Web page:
I had meant to post this yesterday but I had gotten so distracted I just plain forgot. Sorry.
Some years back I was (note “was”) on a web forum on the subject of firearms. One discussion arose on what people would do with pets in the event of “Shit Hits the Fan.”
What disturbed me was how quick and how numerous, were the answers “abandon them.” There were plenty of reasonable sounding excuses. The pets would make noise, drawing potential looters to you. The pets would require feeding and care, which would take time and and resources from seeing to your own survival. And, you know, I get it. Sometimes in a really harsh situation you have to make hard, uncompromising choices. It wasn’t that people were saying that they might have to abandon pets.
It was the rapidity and easy with which people made that choice that disturbed me. It said a lot about how seriously they took freely undertaken responsibilities and how trustworthy they were.
Consider the first two seasons of The Walking Dead. We saw played out there two different approaches to dealing with not just “Shit Hits the Fan” but “The End of the World as we Know It”: The “Rick Approach” and the “Shane Approach.” Conflicts between the two (well, aside from conflicts over the woman) generally revolved around Rick wanting to use the group to protect members of the group that were in danger and Shane wanting to abandon anyone in danger to “protect the group” (which, it soon became apparent, actually meant “protect Shane”).
In a real crisis you have to find a balance between those two. A group that abandons any member at the first hint of trouble soon stops being a group. A group that will expend itself on hopeless causes in a vain attempt to save one lost member will likewise soon cease to exist.
We see the same kind of thing in other apocalyptic fiction. in “Lucifer’s Hammer” by Larry Niven and Jerry Pournelle much discussion revolves around who to allow into the compound and who to turn away. John Ringo’s “Black Tide Rising” series is very much a “Rick approach” series.
Humans have evolved two primary means of survival in the world. One of these is the making and using of tools. Early man did not have claws like a lion so he made them out of wood and stone. The other trait is organizing into social groups. One individual for all his tools can be stopped by something as simple as a severe sprain preventing his ability to hunt for food (good description in “Wolf and Iron” by the late Gordon R. Dickson). Groups, however, take care of their weak and injured. They come to the aid of those in danger. They survive as a group not by abandoning members, but by defending them.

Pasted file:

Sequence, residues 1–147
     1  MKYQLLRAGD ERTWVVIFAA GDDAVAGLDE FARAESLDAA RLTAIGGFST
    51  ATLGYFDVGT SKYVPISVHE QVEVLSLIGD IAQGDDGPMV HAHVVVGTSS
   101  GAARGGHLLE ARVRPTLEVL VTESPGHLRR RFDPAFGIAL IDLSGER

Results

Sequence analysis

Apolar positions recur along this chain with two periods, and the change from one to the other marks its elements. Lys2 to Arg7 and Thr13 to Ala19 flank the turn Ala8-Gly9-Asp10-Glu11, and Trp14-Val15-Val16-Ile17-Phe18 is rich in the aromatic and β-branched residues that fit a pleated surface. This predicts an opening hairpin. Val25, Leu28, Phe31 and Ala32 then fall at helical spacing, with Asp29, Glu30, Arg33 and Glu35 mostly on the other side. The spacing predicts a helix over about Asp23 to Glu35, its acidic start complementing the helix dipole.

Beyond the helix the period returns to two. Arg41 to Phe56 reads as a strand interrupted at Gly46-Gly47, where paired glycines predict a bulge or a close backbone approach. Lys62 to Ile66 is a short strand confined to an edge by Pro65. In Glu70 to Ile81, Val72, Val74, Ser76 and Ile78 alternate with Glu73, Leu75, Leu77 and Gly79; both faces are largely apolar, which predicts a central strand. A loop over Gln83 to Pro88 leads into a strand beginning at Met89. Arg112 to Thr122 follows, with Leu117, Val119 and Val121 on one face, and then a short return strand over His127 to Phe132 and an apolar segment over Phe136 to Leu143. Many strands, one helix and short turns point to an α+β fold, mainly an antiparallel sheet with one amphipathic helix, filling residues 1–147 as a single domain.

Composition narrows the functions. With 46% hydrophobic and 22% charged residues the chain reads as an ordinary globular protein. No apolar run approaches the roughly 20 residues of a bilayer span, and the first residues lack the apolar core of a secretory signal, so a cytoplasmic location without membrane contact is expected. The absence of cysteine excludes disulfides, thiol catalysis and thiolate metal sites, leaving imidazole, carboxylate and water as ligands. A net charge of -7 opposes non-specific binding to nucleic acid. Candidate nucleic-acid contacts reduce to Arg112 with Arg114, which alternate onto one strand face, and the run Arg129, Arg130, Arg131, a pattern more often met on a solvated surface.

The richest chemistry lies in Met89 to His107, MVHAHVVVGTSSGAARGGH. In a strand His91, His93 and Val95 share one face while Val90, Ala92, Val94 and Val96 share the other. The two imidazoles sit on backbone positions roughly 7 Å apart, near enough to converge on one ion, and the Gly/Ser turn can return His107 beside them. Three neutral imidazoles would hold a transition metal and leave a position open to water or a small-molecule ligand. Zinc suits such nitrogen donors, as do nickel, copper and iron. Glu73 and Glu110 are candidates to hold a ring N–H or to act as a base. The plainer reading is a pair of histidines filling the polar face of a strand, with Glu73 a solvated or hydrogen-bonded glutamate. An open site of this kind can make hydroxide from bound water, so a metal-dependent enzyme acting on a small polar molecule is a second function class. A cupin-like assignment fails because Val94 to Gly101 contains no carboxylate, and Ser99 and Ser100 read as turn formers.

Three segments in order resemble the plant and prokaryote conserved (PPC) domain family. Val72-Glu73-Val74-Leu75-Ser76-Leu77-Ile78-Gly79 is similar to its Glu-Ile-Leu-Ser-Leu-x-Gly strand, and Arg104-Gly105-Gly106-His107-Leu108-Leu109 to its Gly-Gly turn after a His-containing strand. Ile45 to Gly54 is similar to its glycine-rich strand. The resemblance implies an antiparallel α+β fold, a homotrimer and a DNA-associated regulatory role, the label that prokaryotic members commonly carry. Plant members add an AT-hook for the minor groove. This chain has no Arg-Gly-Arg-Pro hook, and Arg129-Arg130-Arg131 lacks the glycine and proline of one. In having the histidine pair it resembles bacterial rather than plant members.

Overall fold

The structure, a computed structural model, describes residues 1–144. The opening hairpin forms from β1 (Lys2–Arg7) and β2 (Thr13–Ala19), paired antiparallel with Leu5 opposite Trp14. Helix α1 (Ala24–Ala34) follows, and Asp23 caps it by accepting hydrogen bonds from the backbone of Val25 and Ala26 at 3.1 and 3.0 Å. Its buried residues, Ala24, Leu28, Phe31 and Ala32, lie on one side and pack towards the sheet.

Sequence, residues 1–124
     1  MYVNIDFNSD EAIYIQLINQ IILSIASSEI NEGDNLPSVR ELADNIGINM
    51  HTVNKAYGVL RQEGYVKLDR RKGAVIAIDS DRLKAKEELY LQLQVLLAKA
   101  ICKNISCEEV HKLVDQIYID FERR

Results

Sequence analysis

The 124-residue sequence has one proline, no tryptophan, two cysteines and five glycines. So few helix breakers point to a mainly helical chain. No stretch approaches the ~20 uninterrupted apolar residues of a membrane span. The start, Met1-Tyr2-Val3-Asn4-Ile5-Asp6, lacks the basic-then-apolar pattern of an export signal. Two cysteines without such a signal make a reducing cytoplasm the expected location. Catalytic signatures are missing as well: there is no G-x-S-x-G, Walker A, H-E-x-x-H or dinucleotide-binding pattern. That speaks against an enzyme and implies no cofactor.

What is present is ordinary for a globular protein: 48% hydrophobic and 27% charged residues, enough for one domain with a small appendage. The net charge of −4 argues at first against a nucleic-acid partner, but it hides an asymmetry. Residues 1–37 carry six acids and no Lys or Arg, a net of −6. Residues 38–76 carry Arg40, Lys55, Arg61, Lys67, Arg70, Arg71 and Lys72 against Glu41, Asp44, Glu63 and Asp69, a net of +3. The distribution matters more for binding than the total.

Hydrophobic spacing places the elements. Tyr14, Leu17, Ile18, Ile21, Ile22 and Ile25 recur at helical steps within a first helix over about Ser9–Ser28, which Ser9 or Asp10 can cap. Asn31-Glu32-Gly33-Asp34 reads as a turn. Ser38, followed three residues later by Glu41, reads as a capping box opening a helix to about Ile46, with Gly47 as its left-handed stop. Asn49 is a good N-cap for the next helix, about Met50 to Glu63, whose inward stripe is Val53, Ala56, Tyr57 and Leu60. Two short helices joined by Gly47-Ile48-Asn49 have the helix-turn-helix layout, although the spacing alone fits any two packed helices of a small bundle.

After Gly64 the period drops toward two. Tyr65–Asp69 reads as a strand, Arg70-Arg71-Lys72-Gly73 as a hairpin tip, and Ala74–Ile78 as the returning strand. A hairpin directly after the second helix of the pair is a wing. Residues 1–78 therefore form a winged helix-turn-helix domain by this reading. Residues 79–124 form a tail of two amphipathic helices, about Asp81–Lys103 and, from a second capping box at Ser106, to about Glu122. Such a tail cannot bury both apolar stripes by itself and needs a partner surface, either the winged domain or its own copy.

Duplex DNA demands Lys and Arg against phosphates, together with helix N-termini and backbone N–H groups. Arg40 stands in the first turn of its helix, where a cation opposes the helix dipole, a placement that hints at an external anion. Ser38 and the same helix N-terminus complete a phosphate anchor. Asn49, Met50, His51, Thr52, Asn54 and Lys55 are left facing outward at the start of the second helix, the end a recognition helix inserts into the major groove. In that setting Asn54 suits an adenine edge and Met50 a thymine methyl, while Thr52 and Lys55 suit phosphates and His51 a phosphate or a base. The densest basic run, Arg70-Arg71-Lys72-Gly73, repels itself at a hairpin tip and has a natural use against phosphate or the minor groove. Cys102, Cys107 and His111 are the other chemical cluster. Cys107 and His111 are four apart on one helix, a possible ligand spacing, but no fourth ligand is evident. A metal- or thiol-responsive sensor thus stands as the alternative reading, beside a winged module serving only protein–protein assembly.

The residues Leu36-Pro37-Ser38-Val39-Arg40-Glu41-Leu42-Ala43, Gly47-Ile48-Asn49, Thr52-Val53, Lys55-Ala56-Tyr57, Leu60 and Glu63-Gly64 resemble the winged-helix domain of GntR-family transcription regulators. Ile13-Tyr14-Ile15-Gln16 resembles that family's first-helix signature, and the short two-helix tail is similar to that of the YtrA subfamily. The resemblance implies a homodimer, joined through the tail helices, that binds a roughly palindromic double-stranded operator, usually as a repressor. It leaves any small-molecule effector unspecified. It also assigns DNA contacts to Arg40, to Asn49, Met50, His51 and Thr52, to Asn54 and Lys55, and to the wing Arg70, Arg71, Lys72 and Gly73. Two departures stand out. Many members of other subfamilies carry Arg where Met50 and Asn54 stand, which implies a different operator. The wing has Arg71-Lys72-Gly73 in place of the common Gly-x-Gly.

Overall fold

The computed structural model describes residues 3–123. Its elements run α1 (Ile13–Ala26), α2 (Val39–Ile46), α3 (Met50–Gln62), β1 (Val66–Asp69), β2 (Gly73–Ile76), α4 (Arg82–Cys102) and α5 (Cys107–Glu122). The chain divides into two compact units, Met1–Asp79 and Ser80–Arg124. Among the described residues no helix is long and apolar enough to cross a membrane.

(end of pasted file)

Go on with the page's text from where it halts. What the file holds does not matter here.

I have seen a lot of “survivalist” types (I believe they prefer the term “prepper” today) who forget this. They stockpile food, arms and ammunition, maybe medicines. Some might even keep a supply of toilet paper on hand. They plan to “fort up” in the event of a severe crisis and “survive”. And that’s fine as far as it goes but then what? Eventually the food is eaten. The ammunition runs out. And they’re all alone. Or maybe it doesn’t even take that. They head down to the creek to get water and slip on a patch of mud. Crack. Compound fracture of their left leg. Now what? Can they even get back to their camp? There were a lot more corpses then there were Hugh Glass’s making their way back to civilization after severe injuries and insurmountable odds.
Humans look after each other. It’s what we do. Sure, there are exceptions. There are looters running around in the Houston area as I write this. But there are also hundreds of people spending their own time and effort and expense going to help for no other reward than because that’s just what people do. They see people in trouble. They have the ability to help in a clear situation of what they can do. So they do.
This is not a new thing. Consider the finds in Shanidar Cave, Iraq. One of the skeletons there was a man who had certainly been beaten and battered in life, “Shandihar One.” Severely deformed. Blind in one eye from a blow to his face that crushed the orbit of his eye. Withered right arm that had suffered multiple fractures, probably from birth or early childhood. Leg deformities leading to prounounced, painful lip. And he survived to what, for a Neanderthal was a ripe old age. He could not have hunted in that condition. He could not have escaped predators. The others of the group had to have provided for him and protected him.
Getting together in groups. Protecting and caring for each other within those groups. the groups may be large or they may be small, but they are ours.
That’s what humans do.